“We say it will raise revenue, it will raise a substantial amount of revenue.”
Ed Balls, 27 January 2014
The shadow chancellor, Ed Balls, has denied he is “anti-business” after pledging to bring back the 50p top rate of tax if Labour wins the next election.
The announcement prompted a chorus of disapproval from the business world, with 24 business leaders writing to the Telegraph to damn the move as “a backwards step”.
But Mr Balls says returning to the 50p rate for those who earn more than £150,000 would represent “a fair approach to deficit reduction”, adding: “Those with the broadest shoulders need to bear their share of the burden.”
Leaving the issue of fairness aside, the big question is how much money the move would bring in to the exchequer. Nobody seems to know for sure, but numbers flying around today have ranged from £100m to nearly £10bn. How can these sums be so dramatically different?
In April 2010 Labour raised the tax rate for people earning more than £150,000 from 40p in the pound to 50p. The coalition kept the additional rate system, but cut it to 45p from last April.
According to the latest numbers from the taxman, only 287,000 people earned more than £150,000 in 2013/14, almost exactly 1 per cent of all taxpayers.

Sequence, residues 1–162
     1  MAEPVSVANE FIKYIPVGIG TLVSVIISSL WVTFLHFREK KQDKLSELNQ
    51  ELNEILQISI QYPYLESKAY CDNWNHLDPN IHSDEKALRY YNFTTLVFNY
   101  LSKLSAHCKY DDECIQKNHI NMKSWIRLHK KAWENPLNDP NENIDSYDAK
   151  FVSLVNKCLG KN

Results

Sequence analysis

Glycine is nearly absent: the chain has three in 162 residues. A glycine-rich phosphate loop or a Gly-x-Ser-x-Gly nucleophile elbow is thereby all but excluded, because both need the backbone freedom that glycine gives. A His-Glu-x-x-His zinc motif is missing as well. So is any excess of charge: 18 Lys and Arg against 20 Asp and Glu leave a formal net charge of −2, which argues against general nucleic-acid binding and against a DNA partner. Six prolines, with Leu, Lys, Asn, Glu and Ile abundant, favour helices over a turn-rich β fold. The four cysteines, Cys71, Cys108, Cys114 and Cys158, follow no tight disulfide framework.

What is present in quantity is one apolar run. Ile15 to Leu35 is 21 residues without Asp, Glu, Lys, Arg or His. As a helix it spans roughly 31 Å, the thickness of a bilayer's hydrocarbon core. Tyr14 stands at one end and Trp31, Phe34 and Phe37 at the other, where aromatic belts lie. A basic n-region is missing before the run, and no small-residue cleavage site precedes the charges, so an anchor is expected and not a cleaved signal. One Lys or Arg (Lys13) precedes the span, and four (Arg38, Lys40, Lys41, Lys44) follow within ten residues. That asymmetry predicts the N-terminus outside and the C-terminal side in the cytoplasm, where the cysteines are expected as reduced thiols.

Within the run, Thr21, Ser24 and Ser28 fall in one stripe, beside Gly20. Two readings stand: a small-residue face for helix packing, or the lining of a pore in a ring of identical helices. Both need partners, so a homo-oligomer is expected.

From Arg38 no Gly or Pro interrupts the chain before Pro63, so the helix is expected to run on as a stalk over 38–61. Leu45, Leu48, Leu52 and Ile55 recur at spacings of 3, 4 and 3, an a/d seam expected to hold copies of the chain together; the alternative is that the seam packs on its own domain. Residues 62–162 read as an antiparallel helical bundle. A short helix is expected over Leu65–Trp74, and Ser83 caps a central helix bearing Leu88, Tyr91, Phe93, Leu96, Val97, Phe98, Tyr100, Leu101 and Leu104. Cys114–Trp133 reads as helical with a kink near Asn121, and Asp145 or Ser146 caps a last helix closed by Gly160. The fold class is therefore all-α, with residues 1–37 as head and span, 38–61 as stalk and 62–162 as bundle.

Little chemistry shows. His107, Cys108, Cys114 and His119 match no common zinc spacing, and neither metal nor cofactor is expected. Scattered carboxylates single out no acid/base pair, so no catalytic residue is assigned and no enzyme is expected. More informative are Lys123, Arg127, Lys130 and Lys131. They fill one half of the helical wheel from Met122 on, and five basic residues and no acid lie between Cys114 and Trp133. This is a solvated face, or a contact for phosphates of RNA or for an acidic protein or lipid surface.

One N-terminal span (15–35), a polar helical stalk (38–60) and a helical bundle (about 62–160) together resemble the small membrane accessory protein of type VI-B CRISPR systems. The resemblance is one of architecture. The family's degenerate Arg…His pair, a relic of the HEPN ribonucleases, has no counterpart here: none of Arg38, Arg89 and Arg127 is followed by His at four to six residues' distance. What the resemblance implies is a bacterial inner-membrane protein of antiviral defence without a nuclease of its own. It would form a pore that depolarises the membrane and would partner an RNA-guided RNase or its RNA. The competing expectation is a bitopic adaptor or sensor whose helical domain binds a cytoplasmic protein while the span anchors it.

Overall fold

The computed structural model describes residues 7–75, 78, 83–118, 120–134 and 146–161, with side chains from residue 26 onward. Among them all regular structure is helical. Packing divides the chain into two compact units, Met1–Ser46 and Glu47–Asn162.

The top earning 1 per cent currently contribute just under 29.8 per cent of the total tax paid, up from 20.8 per cent ten years ago. Over the same period the bottom earning 1 per cent have contributed a flat 0.1 per cent of all tax.
That’s not necessarily proof that the tax system is getting more progressive. In part it simply reflects that the richest 1 per cent’s share of total income has gone up too (from 11 per cent to 13.7 per cent over the last decade).
But it does demonstrate the fact that the nation’s top earners are a massively important source of revenue for any chancellor, and tinkering with the way they are taxed carries a risk.
The wealthiest people also happen to be able to afford the best financial advice, and economists tend to assume that a big hike in taxes will lead to a change in behaviour among the intended targets.
This can range from people simply choosing to work less so that their declared income falls short of the tax threshold to people deciding to leave the country.
Then there are legal ways of avoiding tax like shifting income into different tax years to avoid paying a higher rate.
This is exactly what HMRC think many high earners did when Alistair Darling announced he was going to increase the top rate of tax from 40 to 50 per cent from 2010.
We would have expected incomes among top earners to fall in 2009/10 as the recession continued: but they shot up. Then income declared to the taxman crashes suspiciously when the 50p rate comes in.
In a 2012 analysis, HMRC concluded: “Between £16 billion and £18 billion of income is estimated to have been brought forward to 2009-10 to avoid the additional rate of tax. This behavioural response is entirely legitimate, and difficult to prevent using anti-avoidance legislation.”
The result was that the Exchequer scooped significantly less extra tax than the £6.5bn Labour predicted would come in.